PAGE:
When Irish civil rights activists proposed marching in the Philadelphia St. Patrick's Day parade in 1969, they were given permission to carry their banner on the condition that it clearly stated they were supporting civil rights in Ireland and not black civil rights in the United States.
This year, organizers of St. Patrick's Day parades in cities with historically large Irish American populations are again choosing to be on the wrong side of history. Controversies around LGBT participation in the New York and Boston parades have become so predictable they've become part of the St. Patrick's Day tradition. After decades of protests, alternative marches, and court cases, the surprise is that it's still an issue at all.
In Boston in 1994, organizers cancelled the event rather than comply with court decisions to allow gay groups to march. A counter-suit prevailed, allowing organizers to exclude public displays by LGBT groups. In recent years an alternative LGBT-friendly march has followed the official parade from about a mile behind.
This year the organizers (the Allied War Veterans Council) are prepared to allow openly gay marchers in the parade as long as they don't wear shirts or hold signs bearing the word "gay."
The furors seem curiously anachronistic, throwbacks to previous generations in the struggle for LGBT rights. They also seem oddly un-Irish -- as the Dublin St. Patrick's Day parade has for years welcomed the participation of LGBT groups, realizing there's nothing un-Irish about being gay. Civil unions have been legal in Ireland since 2010 and the Irish government plans to hold a referendum to endorse gay marriage equality in this coming year.
Last month Catholic Archbishop of Dublin Diarmuid Martin denounced homophobia, saying, "Anybody who doesn't show love towards gay and lesbian people is insulting God," and that homophobia was "part of the culture we grew up in, but we have to grow out of it."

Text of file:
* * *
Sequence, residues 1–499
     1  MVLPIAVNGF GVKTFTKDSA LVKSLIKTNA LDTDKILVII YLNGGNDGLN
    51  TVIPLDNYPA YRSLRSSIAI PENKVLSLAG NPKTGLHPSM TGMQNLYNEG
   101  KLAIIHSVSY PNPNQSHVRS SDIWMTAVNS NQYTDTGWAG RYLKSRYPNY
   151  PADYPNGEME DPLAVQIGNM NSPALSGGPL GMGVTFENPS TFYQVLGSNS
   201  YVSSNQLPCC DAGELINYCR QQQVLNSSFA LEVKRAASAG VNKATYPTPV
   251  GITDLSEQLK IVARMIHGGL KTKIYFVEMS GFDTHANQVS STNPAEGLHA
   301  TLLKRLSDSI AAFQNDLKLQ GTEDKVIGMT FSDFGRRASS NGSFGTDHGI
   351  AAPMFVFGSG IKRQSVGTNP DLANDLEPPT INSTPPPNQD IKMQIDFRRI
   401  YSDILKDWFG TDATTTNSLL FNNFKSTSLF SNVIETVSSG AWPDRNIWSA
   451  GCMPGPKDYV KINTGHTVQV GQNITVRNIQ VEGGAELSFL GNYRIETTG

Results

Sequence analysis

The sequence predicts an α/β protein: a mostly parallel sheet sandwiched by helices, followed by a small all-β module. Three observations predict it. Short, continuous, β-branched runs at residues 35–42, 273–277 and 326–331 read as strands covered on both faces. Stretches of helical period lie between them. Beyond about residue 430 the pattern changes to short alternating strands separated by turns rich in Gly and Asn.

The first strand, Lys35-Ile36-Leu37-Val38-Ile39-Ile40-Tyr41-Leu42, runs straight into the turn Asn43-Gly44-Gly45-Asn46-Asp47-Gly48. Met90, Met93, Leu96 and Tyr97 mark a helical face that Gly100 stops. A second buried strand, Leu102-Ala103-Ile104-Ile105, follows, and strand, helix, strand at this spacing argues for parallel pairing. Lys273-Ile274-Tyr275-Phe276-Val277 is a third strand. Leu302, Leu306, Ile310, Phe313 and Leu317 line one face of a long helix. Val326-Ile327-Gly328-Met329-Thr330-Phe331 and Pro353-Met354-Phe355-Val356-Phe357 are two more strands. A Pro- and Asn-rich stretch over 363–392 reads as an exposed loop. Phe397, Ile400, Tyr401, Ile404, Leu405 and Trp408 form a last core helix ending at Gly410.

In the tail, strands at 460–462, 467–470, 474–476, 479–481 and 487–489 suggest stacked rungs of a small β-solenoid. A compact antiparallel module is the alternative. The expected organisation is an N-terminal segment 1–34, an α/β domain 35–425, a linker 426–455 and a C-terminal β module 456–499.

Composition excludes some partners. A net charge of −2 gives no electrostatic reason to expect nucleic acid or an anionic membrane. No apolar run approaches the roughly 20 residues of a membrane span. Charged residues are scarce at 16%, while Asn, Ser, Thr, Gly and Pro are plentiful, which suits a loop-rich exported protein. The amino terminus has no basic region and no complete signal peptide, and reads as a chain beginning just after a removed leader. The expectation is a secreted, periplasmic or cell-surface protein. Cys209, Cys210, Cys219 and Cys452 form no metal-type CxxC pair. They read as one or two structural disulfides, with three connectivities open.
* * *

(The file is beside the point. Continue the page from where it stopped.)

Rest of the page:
This shift in attitude from official Ireland blatantly undermines claims from those in New York, Boston and elsewhere that public LGBT participation somehow contravenes Irish identity. If open LGBT participation in St. Patrick's Day parades are okay in Dublin, Cork and elsewhere, why not in New York and Boston?
New York's Mayor Bill de Blasio will boycott the main Manhattan parade down Fifth Avenue in protest of its exclusion of LGBT groups, as will the New York City Council. With a surplus of cultural parades in New York City, the mayor chooses only to attend those which are "inclusive." Irish government minister Joan Burton also plans to boycott the march because of its policy to ban gay groups from marching, although it seems that Irish Taoiseach (Prime Minister) Enda Kenny is planning on going.
The controversies also seem peculiarly un-American. The United States is rightly recognized across the world for its leadership on LGBT issues, on promoting its values through a foreign policy that aims to promote and protect the rights of LGBT people from Kampala to Kiev. To have its own major cities still publicly struggling with LGBT rights in 2014 is as embarrassing as, well, having them struggle with the idea of black civil rights in 1969.
Brian Dooley is author of "Black and Green, The Fights for Civil Rights in Northern Ireland and Black America" and "Choosing The Green? Second Generation Irish and the Cause of Ireland"